Lesson # Two must therefore be the "Grind". Like a monkey on your back, forever pulling at you and keeping you from running light and free, the Grind reminds you its a long long way.
How to keep the grind at bay then? Meditation, mental games, thinking, not thinking, stopping, starting, breaking the monotony. Talking with Andy, don't talk to him, laugh, cry move, walk, run now, pant, hill, slow, walk, yellow brick road, hoorah for Dorothy again! Where's Toto? He's behind still, bearded lunatic.Keep moving, thinking, not thinking, we've been here before, in our minds at least and on and on it goes. Its a mental game for sure.
We were climbing the final section, entering the first mountain hut. Gearing up, eating and getting cold. The wind sounded like it would take the hut away, but on entering the wilds again, we realised it sounded 10 X worse inside the hut, than it actually was outside the hut. We moved on, 15 miles-ish to go, we were tired, but we kept moving.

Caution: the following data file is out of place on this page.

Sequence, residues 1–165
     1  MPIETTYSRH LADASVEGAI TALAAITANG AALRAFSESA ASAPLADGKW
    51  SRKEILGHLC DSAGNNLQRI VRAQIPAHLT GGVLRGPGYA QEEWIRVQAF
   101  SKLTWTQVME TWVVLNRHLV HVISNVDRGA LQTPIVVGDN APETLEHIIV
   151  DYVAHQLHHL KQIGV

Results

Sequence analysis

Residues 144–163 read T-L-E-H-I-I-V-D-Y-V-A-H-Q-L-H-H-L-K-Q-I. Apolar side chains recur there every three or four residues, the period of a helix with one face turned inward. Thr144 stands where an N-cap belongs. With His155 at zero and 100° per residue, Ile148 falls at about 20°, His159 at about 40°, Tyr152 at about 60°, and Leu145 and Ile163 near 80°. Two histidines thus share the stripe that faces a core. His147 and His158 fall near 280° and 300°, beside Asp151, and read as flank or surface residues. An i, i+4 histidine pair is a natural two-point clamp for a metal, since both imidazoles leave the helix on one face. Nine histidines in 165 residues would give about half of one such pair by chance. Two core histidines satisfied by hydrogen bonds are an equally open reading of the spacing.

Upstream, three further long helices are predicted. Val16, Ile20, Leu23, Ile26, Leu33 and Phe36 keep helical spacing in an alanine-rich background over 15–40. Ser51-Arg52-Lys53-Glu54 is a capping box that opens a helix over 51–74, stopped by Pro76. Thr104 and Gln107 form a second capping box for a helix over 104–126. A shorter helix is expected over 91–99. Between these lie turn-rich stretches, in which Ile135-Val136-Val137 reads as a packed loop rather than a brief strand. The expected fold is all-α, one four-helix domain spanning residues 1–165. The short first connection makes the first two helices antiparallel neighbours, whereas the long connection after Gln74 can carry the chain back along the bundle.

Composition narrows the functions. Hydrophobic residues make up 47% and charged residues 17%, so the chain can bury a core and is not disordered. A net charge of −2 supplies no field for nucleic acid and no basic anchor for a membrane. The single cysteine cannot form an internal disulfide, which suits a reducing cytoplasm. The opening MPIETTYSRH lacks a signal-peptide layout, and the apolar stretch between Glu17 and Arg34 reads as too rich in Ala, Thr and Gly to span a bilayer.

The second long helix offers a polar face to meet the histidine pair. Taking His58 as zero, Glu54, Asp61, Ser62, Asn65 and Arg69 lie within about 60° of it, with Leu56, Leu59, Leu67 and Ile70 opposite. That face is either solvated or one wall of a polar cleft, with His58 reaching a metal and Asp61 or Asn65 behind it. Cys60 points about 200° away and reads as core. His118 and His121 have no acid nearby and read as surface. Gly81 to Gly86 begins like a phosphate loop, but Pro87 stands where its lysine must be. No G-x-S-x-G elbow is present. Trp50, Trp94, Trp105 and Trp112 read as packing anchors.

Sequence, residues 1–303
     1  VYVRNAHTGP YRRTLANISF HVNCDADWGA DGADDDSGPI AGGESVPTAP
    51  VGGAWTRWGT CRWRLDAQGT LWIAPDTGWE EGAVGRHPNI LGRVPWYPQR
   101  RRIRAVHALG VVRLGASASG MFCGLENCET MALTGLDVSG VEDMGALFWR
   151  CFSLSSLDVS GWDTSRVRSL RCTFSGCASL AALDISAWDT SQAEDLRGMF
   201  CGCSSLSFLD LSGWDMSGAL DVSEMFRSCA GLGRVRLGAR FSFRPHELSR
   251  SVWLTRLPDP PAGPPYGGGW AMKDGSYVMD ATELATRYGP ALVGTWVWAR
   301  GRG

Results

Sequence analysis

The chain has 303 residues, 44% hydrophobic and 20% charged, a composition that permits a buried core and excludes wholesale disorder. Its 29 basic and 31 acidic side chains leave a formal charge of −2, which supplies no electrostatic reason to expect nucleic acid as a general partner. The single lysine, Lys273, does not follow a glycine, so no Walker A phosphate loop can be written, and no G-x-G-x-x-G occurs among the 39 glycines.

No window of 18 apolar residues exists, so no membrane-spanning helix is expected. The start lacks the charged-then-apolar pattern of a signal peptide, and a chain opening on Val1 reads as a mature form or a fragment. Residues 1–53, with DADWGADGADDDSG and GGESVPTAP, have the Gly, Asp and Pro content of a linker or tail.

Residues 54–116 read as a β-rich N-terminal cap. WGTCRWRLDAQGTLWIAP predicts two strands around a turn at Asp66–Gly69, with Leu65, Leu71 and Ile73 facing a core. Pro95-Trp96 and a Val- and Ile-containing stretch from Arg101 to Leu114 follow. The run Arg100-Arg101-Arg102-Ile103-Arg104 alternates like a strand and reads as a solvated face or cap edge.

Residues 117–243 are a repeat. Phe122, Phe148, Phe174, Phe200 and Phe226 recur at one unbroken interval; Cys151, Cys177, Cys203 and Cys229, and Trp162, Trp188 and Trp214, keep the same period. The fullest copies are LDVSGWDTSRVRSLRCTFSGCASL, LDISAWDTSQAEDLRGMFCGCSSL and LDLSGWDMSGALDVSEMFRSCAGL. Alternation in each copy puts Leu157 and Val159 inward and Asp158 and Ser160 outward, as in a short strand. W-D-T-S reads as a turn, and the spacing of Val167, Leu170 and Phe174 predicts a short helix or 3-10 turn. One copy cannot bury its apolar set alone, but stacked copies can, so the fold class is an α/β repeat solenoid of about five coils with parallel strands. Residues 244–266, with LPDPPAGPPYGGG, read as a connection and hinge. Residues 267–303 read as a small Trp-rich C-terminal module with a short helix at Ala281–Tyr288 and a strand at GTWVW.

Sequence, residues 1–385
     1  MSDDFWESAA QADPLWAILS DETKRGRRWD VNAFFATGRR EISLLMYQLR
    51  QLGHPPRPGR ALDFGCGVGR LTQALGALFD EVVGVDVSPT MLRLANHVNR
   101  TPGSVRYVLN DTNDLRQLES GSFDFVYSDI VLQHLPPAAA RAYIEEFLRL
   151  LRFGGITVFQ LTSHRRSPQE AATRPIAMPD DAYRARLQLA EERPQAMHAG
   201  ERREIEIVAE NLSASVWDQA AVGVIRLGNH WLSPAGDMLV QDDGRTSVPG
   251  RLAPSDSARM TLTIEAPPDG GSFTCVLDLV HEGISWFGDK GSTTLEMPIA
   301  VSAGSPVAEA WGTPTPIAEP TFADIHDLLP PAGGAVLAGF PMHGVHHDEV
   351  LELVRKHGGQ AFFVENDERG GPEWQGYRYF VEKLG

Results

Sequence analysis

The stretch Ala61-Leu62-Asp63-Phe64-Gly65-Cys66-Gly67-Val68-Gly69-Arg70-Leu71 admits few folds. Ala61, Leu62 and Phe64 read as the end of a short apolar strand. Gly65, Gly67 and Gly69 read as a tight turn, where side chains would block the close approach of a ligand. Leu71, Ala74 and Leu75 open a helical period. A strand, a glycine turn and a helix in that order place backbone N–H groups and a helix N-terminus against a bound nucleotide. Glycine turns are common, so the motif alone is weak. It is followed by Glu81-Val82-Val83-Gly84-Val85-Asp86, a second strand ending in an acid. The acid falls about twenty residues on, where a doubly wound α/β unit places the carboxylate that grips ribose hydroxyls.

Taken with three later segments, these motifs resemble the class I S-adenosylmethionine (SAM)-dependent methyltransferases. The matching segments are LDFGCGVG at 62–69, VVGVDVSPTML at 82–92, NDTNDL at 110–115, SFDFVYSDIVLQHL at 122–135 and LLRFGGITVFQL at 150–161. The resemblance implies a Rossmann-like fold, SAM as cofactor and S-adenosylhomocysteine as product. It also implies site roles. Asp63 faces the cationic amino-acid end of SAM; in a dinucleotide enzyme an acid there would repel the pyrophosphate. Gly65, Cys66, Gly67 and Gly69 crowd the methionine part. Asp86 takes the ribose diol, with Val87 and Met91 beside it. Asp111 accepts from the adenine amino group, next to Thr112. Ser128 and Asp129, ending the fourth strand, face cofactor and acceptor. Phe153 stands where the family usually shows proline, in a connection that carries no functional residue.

Lesson # Three: Keep moving at all costs.
And so we did. Auchope Cairn was made, the darkness had enveloped us, we were moving by head-torch, navigation was easy and we were dropping with our final hill's to get over. Shill was the last, we decided on this occasion to head into the valley of Shill, we might just as well continue along and over White Law in the actual race. Its better running, the ground is softer and its actually shorter.
We made the van. We got changed. We made the pub and we drank a pint. F**k that tastes good. Food was eaten, fire was soaked in. Locals were talked to and we headed to the van to catch much needed sleep. Andy had a bottle of whisky and we were in trouble. Hard graft, lots of miles, aching body and a longing for alcohol lead to half a bottle of whisky polished before sleep.
That was the final section. Now all we have to do is run from OurGrave (Gargrave) to Hawes and the whole Spine is broken down. The final thing after that is The Spine Race, January the 11th to 18th, and stringing it all together.
Lesson # Four: Its going to hurt!